WAFs and SAST/DAST don’t provide adequate security for enterprise applications. There, I said it. Let’s dig into this assertion and see how we can improve the state of enterprise application security.
Before we begin, let’s look at an example enterprise webserver using NGINX, Node.js, and Redis.
Users access the application via NGINX, which acts as a reverse proxy sending traffic to the enterprise application running on Node.js. This example application uses redis to store its data. For now, we’ll abstract away deployment methods (K8s, OpenShift, Docker, VMs, etc.) and load balancing and scaling technologies.
Now that we’ve laid out our enterprise application, let’s talk about the Sec portion of DevSecOps. While there are many different threats to our shiny new enterprise application, some of the more common threats are:
1. Web app attacks (SQL injection, cross-site scripting, command injection, etc.)
2. Compromised credentials
3. Supply chain attacks (dependency confusion, SolarWinds)
Disrupting Hackers with WAF and RASP Tools
Web Application Firewalls (WAF) and Runtime Application Self-Protection (RASP) tools cover an important layer of enterprise applications: web applications and their associated databases. They can help disrupt attackers that try to access data they aren’t authorized to view or to modify data they aren’t authorized to modify. In some cases, WAF and RASP tools can mitigate against command injection attacks, rendering attacks that try to run arbitrary software on the server ineffective. In fact, WAF and RASP solutions are all but “table stakes” when it comes to securing enterprise applications. For our application, WAFs and RASP tools will provide protection to our NGINX, Node.js, and redis software.
Applying SAST/DAST to Seek Vulnerabilities Early
Another toolset that can help protect against web application attacks are SAST/DAST tools that scan web application code to find vulnerabilities before they ship to production. While SAST and DAST tools do find and help fix vulnerabilities, they aren’t perfect. Reddit’s r/pwned subreddit shows a plethora of data breaches, often by vulnerabilities not detected by SAST/DAST tools.
Secure Password Storage and Verification
Compromised credentials can be harder to protect against, with most of the tools in this space choosing instead to alert when breaches are found, either online or when an incident response team finds invalid logins. The best protection we can implement for this threat is a strong and secure implementation of password storage and verification. See OWASP’s Password Storage Cheat Sheet for best practices.
The Attackers are Still Getting Through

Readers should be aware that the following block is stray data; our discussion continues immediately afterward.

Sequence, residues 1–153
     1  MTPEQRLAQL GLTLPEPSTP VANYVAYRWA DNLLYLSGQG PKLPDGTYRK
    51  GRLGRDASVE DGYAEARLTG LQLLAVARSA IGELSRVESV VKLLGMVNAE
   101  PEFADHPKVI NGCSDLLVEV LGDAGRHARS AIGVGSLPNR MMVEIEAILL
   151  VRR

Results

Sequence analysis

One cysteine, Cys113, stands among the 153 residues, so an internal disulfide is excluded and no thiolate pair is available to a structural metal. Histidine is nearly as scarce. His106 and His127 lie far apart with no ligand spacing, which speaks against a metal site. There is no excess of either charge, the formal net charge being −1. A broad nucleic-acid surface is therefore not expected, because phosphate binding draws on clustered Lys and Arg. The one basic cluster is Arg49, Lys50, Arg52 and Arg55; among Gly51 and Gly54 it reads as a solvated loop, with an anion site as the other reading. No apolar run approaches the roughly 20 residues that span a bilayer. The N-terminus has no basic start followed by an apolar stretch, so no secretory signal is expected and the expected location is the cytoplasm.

Recently, supply chain attacks have been gaining lots of media and researcher attention. In the web application space, the most notorious incident was when the author of LeftPad, a Node.js module used all across the internet, unpublished his module and subsequently broke an untold number of applications.
More recently, a researcher used a technique known as dependency confusion to hack into Apple, Microsoft, and many more companies. Auditing your software’s dependencies for compromise is a big task, but companies such as Phylum are building products to confirm the software bill of materials (SBOM) for open source software so that we understand the integrity and provenance of the software we use.
Now that we’ve discussed common threats to enterprise applications, let’s revisit the first sentence:
WAFs and SAST/DAST don’t provide adequate security for enterprise applications.
It sounds like, with all of the protections listed above, that we’ve built a rock-solid security plan for our web application. However, we’ve really only looked at the web application code we’ve written. What about all the other code executing?
Hidden below our enterprise application is a bunch of compiled code that does everything from routing network traffic to our application and database, to reading and writing files, to parsing HTTP requests and generating responses. What’s securing that code? The answer, unfortunately, is not much is securing that code.
In fact, while code analysis tools have existed for compiled code for decades, recent research from NCSU found that only 2.5% of vulnerabilities in Linux were possibly discovered by scanning tools over the last decade. That’s not a typo, scanning tools missed 97.5% of all vulnerabilities in Linux.
The Long-Term Effects of Memory Exploits
Exploiting memory corruption bugs in web servers and databases can lead to many different problems, including:
- Arbitrary code execution
- Lateral movement through a network
- Data corruption
- Data exfiltration
- SSL certificate leaks
Finally: Reliable Defense. Meet Alkemist:Repo
What can we do about this problem? RunSafe Security’s Alkemist:Repo offering is designed to protect these open source applications by applying our Alkemist:Code protection capabilities to popular open source packages. Every day we build and ship the latest Docker images, DEBs, and RPMs for some of the leading and most commonly used open source software packages, such as:
- Apache HTTPD
Implementation is as simple as installing our version of the software you need and you are set. It’s really that simple. Get a free trial of the technology today and learn more about how to deploy Alkemist:Repo versions of the open source code you use.